Botched Fresco Restoration Saved a Spanish Town

And now Borja, Spain, has opened a new tourism center dedicated to the disfigured "Ecce Homo"

The original Ecce Homo, 1930, by Elías García Martínez on the left, and Cecilia Giménez’s infamous restoration on the right.

The original Ecce Homo, 1930, by Elías García Martínez on the left, and Cecilia Giménez’s infamous restoration on the right. Photo: AP Photo/Centro de Estudios Borjanos, FileSource:AP

Hey, remember “Beast Christ”?

Of course you do. The 1930 fresco of Jesus called “Ecce Homo” that a local art restorer in Borja, Spain, uh, “fixed” in 2012 (pictured above) went on to receive worldwide ridicule via the Internet, thanks to its soulless eyes, anime-style nose and furry chinstrap from hell.

The creator of this mesmerizing icon, Cecilia Giménez, 85, was “humiliated” when the news broke of her less-than-faithful restoration of this original artwork by the Spanish painter Elías García Martínez.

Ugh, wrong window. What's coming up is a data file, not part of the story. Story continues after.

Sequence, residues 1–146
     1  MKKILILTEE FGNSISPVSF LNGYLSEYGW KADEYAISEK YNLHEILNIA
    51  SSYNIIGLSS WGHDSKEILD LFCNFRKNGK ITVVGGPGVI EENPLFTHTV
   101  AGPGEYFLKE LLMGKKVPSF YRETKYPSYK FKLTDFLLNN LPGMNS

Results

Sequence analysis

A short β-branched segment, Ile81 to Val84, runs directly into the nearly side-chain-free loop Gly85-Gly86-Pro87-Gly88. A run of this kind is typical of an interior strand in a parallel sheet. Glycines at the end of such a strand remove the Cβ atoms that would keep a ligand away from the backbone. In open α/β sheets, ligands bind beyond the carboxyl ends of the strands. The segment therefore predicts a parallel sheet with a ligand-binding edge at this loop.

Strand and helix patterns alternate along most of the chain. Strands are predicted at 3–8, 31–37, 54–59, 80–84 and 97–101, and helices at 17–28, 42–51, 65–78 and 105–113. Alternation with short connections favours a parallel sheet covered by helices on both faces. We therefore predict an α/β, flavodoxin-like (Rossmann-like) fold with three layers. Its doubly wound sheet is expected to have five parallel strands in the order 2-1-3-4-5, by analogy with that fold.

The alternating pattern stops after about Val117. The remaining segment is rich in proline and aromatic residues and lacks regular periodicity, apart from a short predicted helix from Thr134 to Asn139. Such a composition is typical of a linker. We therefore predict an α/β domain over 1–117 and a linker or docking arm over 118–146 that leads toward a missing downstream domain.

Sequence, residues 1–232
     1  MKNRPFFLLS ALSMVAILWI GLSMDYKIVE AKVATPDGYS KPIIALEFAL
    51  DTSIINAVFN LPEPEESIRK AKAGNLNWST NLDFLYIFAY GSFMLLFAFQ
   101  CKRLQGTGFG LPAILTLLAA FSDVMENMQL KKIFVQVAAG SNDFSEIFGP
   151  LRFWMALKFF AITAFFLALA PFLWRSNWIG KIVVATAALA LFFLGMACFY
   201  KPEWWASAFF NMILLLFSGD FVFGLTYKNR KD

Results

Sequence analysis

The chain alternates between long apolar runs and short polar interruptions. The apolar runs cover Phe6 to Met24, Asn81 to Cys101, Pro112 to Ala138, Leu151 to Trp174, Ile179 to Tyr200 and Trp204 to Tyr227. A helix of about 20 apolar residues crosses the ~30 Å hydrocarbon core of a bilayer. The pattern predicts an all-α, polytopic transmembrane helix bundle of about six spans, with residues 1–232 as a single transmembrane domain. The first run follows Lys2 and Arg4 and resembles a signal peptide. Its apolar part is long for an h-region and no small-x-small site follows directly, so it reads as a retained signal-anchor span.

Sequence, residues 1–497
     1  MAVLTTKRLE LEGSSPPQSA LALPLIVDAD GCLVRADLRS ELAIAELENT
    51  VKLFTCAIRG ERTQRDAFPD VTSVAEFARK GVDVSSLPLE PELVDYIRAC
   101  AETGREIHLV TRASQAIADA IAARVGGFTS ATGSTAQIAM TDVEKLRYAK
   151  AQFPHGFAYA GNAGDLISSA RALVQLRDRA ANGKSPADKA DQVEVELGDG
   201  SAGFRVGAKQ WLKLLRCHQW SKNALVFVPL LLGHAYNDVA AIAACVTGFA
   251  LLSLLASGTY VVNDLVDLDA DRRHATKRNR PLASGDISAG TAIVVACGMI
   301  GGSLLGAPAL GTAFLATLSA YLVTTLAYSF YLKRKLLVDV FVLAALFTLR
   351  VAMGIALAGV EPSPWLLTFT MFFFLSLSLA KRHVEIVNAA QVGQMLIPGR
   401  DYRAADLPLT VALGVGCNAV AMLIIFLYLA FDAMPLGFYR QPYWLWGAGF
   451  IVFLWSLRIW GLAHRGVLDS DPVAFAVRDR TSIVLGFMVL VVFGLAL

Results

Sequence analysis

But then something funny happened.

Over the next three years, 160,000 tourists from around the world came to the Sanctuary of Mercy church in Borja to see this curiosity in person, and most of them bought lunch, a souvenir, a hotel room or a variety of other goods and/or services.

So in what can only be described as a roundabout miracle, Beast Christ saved Borja—a town with a population of roughly 5,000—from the devastating recession that the rest of Spain has suffered over the last seven years.

Borja Mayor Eduardo Arilla clearly said to himself “let’s roll with this,” and now he’s opened a center with the hopes of giving “the painting a new impetus,” as he told the New York Post. In other words, come see Beast Christ, tourists.

So go see this abomination in person and learn more about its legendary Internet virality. The new facility “documents the restoration,” according to the Post (oh goodie), and canvases are also provided, in case you want to try to make an even better version of ye old Beast Christ. And yes, there are T-shirts for sale.

Botched Fresco Restoration Saved a Spanish Town